Pneumatics is most commonly deployed in packaging machines for devices like sealers and grippers, actuators to move packages, components for liquid filling, bottle production or in pick-and-place machines for material handling.
With the emergence of the Industrial Internet of Things (IIoT), packaging original equipment manufacturers (OEMs) are finding significant opportunities to improve the operation of pneumatics technology, helping users boost energy efficiency, enhance safety and cut downtime and maintenance costs.
Machine builders in many industries are responding to the IIoT by adding sensors to their equipment, with the resulting data made available for analysis and, as systems become more advanced, converted into actionable information. Pneumatics lends itself well to these new capabilities, allowing packaging companies to know more about the operational performance of their equipment and packaging lines.
For example, OEMs can include pneumatic monitoring capabilities that can detect a pneumatic system’s operating state, analyze the data, report on energy efficiency and more. They can provide reliable information on the condition of actuators, valves and other devices, without involving the machine controller.
In addition, machine builders can use IIoT capabilities to enhance pneumatics’ already extensive diagnostic features, measuring critical parameters like cylinder velocity. This helps to ensure pneumatic components continue to respond in time, and in sync, preventing machine crashes causing unpredicted down time.
Pneumatic IIoT Maintenance Benefits
Maintenance activity is where pneumatic IIoT capabilities truly stand out. Wear and tear is a fact of life in any industrial setting. Predictive and preventive maintenance programs are essential to managing equipment life cycles efficiently and maximizing the return on investment and overall equipment effectiveness (OEE) of production equipment.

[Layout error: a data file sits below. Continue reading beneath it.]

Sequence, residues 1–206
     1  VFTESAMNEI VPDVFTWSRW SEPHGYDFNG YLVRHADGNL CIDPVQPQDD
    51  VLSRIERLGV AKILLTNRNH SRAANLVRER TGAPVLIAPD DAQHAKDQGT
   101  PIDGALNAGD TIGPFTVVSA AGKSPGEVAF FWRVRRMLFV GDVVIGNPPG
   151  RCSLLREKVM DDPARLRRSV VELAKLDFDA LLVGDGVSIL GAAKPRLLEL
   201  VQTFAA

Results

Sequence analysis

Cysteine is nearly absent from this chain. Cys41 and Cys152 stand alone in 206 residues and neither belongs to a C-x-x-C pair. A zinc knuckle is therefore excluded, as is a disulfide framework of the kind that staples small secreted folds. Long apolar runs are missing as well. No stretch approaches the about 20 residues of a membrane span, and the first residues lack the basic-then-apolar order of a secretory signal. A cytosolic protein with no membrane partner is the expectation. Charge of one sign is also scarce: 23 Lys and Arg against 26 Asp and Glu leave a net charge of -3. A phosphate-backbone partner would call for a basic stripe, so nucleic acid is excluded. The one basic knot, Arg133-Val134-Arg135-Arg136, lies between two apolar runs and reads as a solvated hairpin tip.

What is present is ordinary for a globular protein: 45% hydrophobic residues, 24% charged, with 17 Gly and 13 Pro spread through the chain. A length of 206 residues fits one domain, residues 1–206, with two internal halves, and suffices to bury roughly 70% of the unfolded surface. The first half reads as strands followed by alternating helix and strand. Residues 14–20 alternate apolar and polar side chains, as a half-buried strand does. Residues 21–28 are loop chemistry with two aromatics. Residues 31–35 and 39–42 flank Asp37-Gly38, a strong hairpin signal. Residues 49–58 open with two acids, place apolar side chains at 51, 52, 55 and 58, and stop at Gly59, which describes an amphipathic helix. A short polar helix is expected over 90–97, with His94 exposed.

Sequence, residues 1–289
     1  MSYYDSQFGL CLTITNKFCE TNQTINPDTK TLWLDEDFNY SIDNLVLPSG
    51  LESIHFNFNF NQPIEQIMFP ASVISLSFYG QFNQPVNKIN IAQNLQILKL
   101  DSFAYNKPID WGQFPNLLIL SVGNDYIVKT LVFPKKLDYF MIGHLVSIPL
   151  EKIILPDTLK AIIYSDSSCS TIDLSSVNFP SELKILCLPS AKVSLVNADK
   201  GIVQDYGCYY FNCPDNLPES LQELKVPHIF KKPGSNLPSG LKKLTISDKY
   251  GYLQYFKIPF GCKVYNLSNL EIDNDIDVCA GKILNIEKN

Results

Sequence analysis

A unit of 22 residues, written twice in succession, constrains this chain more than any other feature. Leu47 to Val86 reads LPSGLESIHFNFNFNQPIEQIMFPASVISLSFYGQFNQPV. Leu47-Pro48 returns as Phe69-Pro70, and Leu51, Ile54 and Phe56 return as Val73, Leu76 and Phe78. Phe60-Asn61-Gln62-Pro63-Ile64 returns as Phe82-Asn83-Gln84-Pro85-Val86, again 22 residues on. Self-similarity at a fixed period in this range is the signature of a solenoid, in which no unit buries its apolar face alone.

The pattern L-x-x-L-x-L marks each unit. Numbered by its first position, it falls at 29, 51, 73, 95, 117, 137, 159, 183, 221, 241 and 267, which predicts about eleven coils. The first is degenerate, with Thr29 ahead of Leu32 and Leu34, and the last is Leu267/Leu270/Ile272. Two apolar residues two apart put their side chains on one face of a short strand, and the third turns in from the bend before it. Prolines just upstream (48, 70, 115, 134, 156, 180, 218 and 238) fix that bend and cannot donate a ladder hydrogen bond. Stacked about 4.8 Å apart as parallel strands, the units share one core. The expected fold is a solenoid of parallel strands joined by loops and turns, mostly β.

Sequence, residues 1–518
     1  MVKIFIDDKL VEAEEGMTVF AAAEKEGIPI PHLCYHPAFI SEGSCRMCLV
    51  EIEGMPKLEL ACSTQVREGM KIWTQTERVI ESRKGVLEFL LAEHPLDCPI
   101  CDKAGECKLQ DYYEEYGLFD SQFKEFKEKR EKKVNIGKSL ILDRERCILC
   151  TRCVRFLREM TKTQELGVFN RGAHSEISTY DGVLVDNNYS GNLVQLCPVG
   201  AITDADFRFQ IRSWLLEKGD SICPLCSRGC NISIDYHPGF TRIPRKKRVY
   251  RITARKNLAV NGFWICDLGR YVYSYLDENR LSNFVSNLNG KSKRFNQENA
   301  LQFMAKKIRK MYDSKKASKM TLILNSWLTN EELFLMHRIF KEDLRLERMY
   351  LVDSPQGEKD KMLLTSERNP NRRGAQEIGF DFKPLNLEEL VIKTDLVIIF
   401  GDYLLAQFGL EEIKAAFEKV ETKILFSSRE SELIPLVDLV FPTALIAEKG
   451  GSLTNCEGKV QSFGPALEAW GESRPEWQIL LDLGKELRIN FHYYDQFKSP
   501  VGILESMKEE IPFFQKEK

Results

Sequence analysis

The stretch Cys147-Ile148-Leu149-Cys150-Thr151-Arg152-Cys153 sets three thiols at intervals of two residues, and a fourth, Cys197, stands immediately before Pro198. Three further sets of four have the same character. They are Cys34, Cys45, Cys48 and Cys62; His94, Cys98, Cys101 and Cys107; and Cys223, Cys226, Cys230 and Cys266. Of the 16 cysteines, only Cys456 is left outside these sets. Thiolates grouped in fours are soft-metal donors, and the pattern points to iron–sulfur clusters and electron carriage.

Predictive maintenance is the management approach plant engineers use to track and assess the condition of in-service equipment, performing maintenance only when warranted. Using data from IIoT sensors, maintenance technicians can predict that a shock absorber on the end of an actuator is deteriorating, just by sensing an increase in cycle speed, even by a few milliseconds. Knowing which equipment needs maintenance, plant engineers can avoid unplanned downtime on the packaging line, replacing components with shorter and fewer planned machine stops.
Preventive maintenance involves regular, routine action to prevent equipment breakdown. It can include partial or complete overhauls, oil changes and lubrication, minor adjustments to device settings and cleaning of machine components exposed to environmental contamination.
Pneumatic components can benefit from both. The integration of the data-driven insight from predictive maintenance with the scheduling efficiency of preventive maintenance can help plant management predict and address issues before they result in equipment damage, production loss or injuries. It also allows time for ordering a replacement, reducing the need to have a full inventory of system-critical replacement parts “just in case.”
The end goal: using IIoT data to ensure that machines are self-diagnosing and continue to work safely, efficiently and at full capacity.